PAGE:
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ERIC Number: EJ699967
Record Type: Journal
Publication Date: 2004-Jan-1
Pages: 1
Abstractor: ERIC
Reference Count: N/A
ISSN: ISSN-0363-0277
It Hurts to Ignore Work Injury Roots
Turner, Anne M.
Library Journal, v129 n1 p64 Jan 2004
The author was talking with a friend not long ago about one of the hottest political topics in California these days--the high cost of the workers compensation system. "But libraries don't have to worry about that, do they?" asked her friend. "Aha!" I said. "Another stereotype! In fact, library work is very physical. And she is not just talking about the delivery people who lift crates of books or the shelves. Think about all those repetitive motions to check out books." Library employees are among the 1.8 million workers the U.S. Bureau of Labor Statistics says typically can suffer "musculoskeletal disorders" (MSD), i.e., usually repetitive stress injuries. That was 26.2 percent of all workplace injuries in 2000. The workers compensation system, which is meant to pay workers for the cost of injuries and wages lost, is an increasingly serious financial burden on library budgets across the country. In the private sector, businesspeople treat the system with resentment. They point to abuses and often argue that it and the Occupational Safety and Health Administration standards imposed to protect workers should be abandoned altogether. This has forced employees, often represented by organized labor, into a defensive posture. It is a poor environment for making changes, and it leaves library directors with the unenviable job of finding a balanced approach to the problem.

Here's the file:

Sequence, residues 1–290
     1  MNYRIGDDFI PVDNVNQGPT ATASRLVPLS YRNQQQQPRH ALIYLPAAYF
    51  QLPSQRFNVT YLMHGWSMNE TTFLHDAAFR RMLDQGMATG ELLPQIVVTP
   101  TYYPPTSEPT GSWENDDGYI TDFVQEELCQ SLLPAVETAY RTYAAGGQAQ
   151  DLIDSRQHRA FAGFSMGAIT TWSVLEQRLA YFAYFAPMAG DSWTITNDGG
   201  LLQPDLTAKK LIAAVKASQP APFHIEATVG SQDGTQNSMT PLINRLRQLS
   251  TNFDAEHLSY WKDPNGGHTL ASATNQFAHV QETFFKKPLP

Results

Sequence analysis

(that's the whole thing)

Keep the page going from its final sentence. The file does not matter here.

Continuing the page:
Library Journal, 360 Park Avenue South, New York, NY 10010. Tel: 800-588-1030 (Toll Free); Web site:
Publication Type: Journal Articles; Reports - Descriptive
Education Level: N/A
Audience: N/A
Language: English
Sponsor: N/A
Authoring Institution: N/A
Identifiers - Location: California